It's often said that size does matter and now a new study reveals that black holes come in different sizes as well - small, medium and large - a discovery which may impact our understanding of them, especially their formation.
Our universe has uncountable number of black holes, and now Scientists may be a step closer to unraveling the mystery of this seemingly exotic phenomenon by recognizing a mid-size or intermediate-mass black hole for the first time.
For the unfamiliar, black holes are regions in space that contain dense mass and because its surface gravity is so strong, even light is unable to escape through it. Even though black holes are invisible, scientists can locate them by following their gravitational pull on other space objects. Astronomers estimate that there are over 100 million black holes in our Milky Way galaxy alone.
While scientists were familiar black holes in the universe that range from around 10 times to 100 times the mass of the Sun in our solar system, the detection of the mid-size black hole has been difficult until now.
Previously, astronomers were familiar with the existence of "stellar mass" (dozen times bigger than the sun) and supermassive (billion times bigger than our nearest star) black holes, two extremes, and believed them to be the only two sizes. However, these small- and large-size black holes are now joined by mid-size ones courtesy of the new finding.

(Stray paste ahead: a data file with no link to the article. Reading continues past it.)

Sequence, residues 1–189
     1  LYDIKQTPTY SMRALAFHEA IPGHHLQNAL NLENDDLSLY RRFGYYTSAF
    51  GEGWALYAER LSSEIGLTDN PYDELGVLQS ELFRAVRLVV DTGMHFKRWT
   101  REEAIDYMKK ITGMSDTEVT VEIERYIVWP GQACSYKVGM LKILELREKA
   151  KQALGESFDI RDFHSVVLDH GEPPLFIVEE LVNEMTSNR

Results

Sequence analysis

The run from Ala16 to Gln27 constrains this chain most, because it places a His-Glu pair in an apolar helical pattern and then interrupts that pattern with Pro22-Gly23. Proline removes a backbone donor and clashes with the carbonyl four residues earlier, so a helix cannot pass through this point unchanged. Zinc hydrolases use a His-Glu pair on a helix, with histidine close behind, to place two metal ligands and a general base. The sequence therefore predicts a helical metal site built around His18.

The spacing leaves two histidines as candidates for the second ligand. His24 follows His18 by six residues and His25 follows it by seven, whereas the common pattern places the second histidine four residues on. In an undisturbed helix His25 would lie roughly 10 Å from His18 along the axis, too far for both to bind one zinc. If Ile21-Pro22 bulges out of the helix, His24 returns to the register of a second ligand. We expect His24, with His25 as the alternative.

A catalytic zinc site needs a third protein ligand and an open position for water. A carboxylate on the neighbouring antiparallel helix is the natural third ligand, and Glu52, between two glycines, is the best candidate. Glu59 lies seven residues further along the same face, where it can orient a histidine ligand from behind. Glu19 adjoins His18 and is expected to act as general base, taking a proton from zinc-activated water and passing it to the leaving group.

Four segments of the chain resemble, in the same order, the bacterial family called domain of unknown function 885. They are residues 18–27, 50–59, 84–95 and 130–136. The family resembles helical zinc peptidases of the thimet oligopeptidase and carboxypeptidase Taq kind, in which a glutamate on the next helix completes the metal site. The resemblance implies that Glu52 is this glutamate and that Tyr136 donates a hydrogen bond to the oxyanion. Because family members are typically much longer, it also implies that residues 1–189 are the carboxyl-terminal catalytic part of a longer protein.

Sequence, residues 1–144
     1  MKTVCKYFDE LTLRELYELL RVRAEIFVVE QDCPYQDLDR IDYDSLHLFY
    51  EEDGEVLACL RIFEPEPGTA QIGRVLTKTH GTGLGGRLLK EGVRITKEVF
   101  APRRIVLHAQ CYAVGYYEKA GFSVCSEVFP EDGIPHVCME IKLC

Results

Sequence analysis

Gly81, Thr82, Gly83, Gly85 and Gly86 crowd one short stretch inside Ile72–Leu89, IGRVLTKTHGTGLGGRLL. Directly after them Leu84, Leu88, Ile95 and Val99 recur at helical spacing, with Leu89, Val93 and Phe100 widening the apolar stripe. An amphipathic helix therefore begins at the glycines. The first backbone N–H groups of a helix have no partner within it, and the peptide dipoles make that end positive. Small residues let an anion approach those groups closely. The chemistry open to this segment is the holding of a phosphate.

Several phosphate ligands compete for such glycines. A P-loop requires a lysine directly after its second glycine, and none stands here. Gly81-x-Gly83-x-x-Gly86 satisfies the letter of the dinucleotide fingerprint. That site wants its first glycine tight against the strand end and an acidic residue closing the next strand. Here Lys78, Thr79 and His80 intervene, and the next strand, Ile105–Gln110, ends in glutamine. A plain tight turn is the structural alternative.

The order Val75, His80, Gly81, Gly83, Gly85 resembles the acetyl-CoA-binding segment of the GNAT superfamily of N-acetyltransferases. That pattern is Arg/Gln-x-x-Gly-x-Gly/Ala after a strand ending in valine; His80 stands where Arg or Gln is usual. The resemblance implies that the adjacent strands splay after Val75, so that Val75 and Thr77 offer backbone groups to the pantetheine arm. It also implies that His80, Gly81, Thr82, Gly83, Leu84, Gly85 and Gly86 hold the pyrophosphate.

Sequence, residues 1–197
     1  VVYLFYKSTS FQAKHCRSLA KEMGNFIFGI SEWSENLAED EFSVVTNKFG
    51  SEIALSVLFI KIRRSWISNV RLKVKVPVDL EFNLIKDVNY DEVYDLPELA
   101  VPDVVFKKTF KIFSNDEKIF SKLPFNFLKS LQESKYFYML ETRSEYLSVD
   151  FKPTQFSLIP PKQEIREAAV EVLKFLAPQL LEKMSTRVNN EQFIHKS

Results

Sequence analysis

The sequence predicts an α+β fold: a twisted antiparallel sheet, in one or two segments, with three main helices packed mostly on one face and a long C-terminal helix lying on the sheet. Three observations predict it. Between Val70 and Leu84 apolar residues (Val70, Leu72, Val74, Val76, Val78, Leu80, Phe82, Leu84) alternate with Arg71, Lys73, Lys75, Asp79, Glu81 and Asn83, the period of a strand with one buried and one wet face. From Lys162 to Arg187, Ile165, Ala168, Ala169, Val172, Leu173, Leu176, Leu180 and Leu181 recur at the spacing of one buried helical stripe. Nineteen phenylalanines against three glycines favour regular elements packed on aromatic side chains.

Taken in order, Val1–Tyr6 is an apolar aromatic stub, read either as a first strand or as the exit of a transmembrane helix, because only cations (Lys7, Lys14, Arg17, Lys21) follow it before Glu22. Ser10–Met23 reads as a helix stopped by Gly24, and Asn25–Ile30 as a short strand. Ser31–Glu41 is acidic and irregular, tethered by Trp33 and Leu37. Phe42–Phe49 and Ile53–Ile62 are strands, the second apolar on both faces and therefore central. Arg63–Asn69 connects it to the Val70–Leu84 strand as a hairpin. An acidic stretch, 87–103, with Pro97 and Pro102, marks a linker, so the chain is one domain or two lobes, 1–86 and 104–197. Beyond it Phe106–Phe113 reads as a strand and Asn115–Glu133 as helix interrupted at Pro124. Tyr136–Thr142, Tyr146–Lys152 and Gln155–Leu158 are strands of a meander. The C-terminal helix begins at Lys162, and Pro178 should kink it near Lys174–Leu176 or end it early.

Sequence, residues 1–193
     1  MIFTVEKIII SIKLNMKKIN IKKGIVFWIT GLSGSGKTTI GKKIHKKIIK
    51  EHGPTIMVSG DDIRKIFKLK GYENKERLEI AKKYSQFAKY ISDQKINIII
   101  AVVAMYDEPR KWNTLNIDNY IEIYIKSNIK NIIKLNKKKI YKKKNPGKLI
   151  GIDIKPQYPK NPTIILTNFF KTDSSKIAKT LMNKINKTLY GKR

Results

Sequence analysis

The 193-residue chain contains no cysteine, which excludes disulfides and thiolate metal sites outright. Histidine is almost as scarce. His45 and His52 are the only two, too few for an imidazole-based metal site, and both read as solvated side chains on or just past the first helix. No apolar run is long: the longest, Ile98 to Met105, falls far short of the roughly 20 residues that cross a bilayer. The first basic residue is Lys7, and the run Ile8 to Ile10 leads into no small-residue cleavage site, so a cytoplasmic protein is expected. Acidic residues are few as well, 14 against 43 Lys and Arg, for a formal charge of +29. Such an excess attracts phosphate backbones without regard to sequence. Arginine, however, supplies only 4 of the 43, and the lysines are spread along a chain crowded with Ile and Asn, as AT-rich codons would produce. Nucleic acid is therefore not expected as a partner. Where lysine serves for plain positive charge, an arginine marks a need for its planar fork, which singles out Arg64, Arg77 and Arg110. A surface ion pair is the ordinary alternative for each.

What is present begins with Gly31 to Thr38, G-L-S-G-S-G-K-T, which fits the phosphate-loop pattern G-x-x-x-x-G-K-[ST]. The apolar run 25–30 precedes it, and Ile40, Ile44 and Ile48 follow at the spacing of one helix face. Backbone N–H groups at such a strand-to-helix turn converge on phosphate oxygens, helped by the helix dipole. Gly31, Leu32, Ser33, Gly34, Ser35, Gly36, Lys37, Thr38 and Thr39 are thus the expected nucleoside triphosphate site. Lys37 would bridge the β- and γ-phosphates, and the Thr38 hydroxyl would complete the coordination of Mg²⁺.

Dheeraj Pasham, an astronomy graduate student, and a team of scientists at the University of Maryland (UMD) have found an object dubbed "X-1" in the galaxy Messier 82 (M82), which is 400 times the mass of the sun. The black hole is located around 12 million light-years away from the Earth.
The scientists observed X-1 nearly 800 times between 2004 and 2010, using NASA's Rossi X-Ray Timing Explorer (RXTE) satellite telescope. They recorded individual X-ray particles that were emitted by X-1. The astronomers also charted the wavelength and intensity of X-rays in each sequence and then analyzed the result.
"Objects in this range are the least expected of all black holes," says Richard Mushotzky, a UMD astronomy professor and the co-author of the latest study. "Astronomers have been asking, do these objects exist or do they not exist? What are their properties? Until now we have not had the data to answer these questions."
The researchers disclosed that while for several decades they were observing objects that could potentially be medium-size black holes, they were unable to measure the mass of these black holes at the time and, therefore, were uncertain about their size.
Study author Mushotzky opines that the latest discovery is significant as the newly-found black hole is the first that has been accurately and precisely measured.
The discovery is an exciting breakthrough for the scientific community as it provides the "missing piece" between stellar and supermassive black holes.
The study has been published in the online journal Nature.